Use of mother tongue vital, studies show

Ethnic minority children enjoy greater educational success and cultural benefits from early native language instruction, researchers tell conference

The use of mother tongues  native languages  in early childhood education has boosted youngsters’ confidence and academic performance, according to studies presented at an international conference last week in Bangkok.

 It has also helped conserve ethnic languages, and restored pride and identity for minority people, while helping to boost their access to the fruits of development, the studies found.

The importance of mother tongues was emphasised at a forum on Language, Education and the Millennium Development Goals (MDGs), as they are a key factor for education and the success of other development efforts.

A professor at the School of Child and Youth Care at Canada’s University of Victoria, Dr Jessica Ball, said that up to 50 per cent of 6,000 languages currently spoken around the world would be gone by 2100.

“One way to achieve equity in education, opportunities and [the goal of] Education For All, as well as to counter linguistic and cultural loss is to deliver early childhood education and primary education through mother tongues,” she said.

Various studies presented at the conference reaffirmed this.

Linguistic expert Siripen Ungsitipoonporn, from Mahidol University’s Research Institute for Languages and Cultures of Asia, and Chiang Mai’s Ban Mai Nong Bua schoolteacher Kanyapak Art-han presented details about the success of using mother tongues as a medium of instruction to teach Yunnanese children. They said children’s academic performances were rather low when they weren’t familiar with academic Thai used in the classroom.

Children of Yunnanese-Chinese descent at Ban Mai Nong Bua School were no exception. Trying to use the children’s first language, Yunnanese Chinese, as a medium of instruction from kindergarten 1 onwards, the school found they had no qualified teachers who could speak Yunnanese, so teaching assistants who speak that language were trained to teach the children.

Although the project only started in the first semester of 2010, the home room Thai teacher Kanyapak and her assistant working in an experimental KG1 classroom saw that the children’s behaviour had changed for the better. They were not afraid to come to school or express themselves as they had confidence in their language that their teachers also used, Kanyapak said. The kids also enjoyed learning and participating in class activities.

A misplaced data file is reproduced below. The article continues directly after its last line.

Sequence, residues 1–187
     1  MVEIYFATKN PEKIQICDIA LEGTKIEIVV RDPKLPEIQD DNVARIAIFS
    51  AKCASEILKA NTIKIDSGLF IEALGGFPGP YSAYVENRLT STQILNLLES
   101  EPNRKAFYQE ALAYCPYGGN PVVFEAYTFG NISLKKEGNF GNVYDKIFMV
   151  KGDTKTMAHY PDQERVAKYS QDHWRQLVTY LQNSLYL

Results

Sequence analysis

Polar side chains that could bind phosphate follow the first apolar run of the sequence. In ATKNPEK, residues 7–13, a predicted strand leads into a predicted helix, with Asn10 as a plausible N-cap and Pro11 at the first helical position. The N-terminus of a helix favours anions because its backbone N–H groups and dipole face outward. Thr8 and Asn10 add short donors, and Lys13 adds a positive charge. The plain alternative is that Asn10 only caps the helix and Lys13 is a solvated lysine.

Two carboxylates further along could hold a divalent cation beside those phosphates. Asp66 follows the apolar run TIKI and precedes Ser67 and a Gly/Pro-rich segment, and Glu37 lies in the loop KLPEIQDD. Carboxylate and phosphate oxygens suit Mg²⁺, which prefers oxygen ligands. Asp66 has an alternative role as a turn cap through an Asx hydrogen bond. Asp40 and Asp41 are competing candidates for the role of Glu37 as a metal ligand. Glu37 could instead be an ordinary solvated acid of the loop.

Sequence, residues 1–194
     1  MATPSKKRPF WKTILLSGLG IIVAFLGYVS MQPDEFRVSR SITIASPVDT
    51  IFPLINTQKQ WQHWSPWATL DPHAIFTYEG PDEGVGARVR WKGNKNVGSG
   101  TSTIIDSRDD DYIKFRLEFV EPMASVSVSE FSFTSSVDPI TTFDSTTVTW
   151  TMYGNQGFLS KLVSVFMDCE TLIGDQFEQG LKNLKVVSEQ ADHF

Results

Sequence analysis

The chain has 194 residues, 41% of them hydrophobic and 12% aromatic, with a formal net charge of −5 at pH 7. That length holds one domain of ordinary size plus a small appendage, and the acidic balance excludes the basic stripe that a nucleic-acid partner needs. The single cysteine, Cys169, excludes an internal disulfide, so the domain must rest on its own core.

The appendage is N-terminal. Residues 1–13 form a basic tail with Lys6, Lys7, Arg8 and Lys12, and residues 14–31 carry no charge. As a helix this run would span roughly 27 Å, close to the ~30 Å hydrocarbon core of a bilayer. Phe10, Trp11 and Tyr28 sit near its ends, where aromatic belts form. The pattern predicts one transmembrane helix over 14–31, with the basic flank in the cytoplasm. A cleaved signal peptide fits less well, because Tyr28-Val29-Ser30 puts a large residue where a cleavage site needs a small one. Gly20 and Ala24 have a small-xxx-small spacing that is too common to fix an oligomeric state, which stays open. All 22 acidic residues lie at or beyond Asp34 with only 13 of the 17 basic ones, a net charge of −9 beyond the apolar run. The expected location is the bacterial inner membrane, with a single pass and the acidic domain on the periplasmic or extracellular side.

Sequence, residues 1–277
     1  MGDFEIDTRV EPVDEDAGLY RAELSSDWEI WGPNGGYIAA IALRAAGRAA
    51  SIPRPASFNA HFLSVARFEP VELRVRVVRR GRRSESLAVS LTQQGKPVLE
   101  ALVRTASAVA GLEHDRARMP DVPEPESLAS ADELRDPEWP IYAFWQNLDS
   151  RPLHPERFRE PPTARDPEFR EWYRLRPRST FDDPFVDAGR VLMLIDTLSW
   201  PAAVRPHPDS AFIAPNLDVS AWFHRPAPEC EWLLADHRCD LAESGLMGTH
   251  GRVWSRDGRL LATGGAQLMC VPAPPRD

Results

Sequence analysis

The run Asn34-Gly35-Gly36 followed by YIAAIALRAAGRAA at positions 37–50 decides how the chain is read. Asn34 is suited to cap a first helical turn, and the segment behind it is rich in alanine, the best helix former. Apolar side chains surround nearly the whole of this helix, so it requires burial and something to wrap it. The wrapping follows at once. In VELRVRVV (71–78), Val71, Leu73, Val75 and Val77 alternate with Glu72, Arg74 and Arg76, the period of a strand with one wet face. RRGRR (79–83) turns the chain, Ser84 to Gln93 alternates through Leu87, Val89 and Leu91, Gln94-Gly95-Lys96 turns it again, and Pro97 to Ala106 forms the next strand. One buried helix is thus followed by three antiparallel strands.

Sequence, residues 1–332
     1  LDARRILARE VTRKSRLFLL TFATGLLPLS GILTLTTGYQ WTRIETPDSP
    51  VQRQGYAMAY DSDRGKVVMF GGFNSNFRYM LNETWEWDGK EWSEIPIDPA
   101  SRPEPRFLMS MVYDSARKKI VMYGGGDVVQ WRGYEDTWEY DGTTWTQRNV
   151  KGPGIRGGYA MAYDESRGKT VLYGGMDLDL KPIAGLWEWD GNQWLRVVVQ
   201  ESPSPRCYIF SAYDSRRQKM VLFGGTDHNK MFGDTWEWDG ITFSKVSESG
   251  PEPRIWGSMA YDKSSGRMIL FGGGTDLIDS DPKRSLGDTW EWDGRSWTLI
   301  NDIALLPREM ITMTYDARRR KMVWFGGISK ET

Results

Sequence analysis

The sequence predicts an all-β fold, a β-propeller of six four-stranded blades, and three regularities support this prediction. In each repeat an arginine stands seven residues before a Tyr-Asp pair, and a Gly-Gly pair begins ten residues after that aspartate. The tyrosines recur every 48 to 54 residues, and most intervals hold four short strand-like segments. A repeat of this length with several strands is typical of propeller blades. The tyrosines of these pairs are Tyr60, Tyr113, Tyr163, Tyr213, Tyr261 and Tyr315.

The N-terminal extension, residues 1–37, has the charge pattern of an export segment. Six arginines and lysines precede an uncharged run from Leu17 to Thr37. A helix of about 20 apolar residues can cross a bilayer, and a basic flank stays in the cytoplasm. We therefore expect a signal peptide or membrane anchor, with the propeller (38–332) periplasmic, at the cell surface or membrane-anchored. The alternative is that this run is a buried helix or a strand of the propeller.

Older siblings of the students under this project also accepted their younger brothers/sisters’ positive change and even volunteered to prepare teaching materials for the projects, she said. The parents, who at first were worried their kids would face difficulty catching up with peers in reading and writing Thai, also responded positively after seeing their kids more eager to learn and talk to them a lot about what they had learnt, she said. Although the school lacks budget and resources, they weren’t discouraged and carried on the project the best they could, she said.

Meanwhile, Save the Children coordinator Bonna Duron presented her group’s work in piloting Mother Tongue-Based Multilingual Education since 2007 in Mindanao’s South Cotabato and Sultan Kudarat provinces " where are at least three languages spoken " Tboli, Iionggo and Maguindanaoan.

The Philippine educational system emphasised English and Filipino as the languages of instruction and textbooks, regardless of a child’s background, she explained. But a policy shift in 2009 opened the door for mother tongue based instruction in early primary years.

To put the policy into action for kids nationwide, the agency in February 2009 also conducted preliminary activities including a formative research on language perception and use in communities, a formation of Language Advisory Committees at the regional/community levels and other activities to raise awareness and prepare communities. They organised teacher training on curriculum adaptation and materials development, as well as making “culturally-appropriate” teaching materials such as alphabet primers, alphabet charts and books in the three languages.

In Cambodia, a study on ethnic Cham children in Kampong Cham by Save the Children Sweden and the Kampuchean Action for Primary Education (KAPE) was presented by KAPE official Kurt Bredenburg.

The study revealed Cham people’s complex attitudes towards mainstream Cambodian society as they wanted to blend in rather than being seen as an ethnic minority or as Islamic Khmers. But they often chose not to live in Khmer villages and not to speak Khmer as their first language.

Since the Cham language and Islam weren’t available in state schools, an Islamic school system emerged to run in parallel. So most kids attended state schools in the morning and early afternoon, then went to the Islamic schools in late afternoon or weekend, the study found.

KAPE’s “Minority Outreach in Education” pilot project, has been implemented for two years, to try to increase educational relevance for populations with a large number of Cham and work towards universal primary education.



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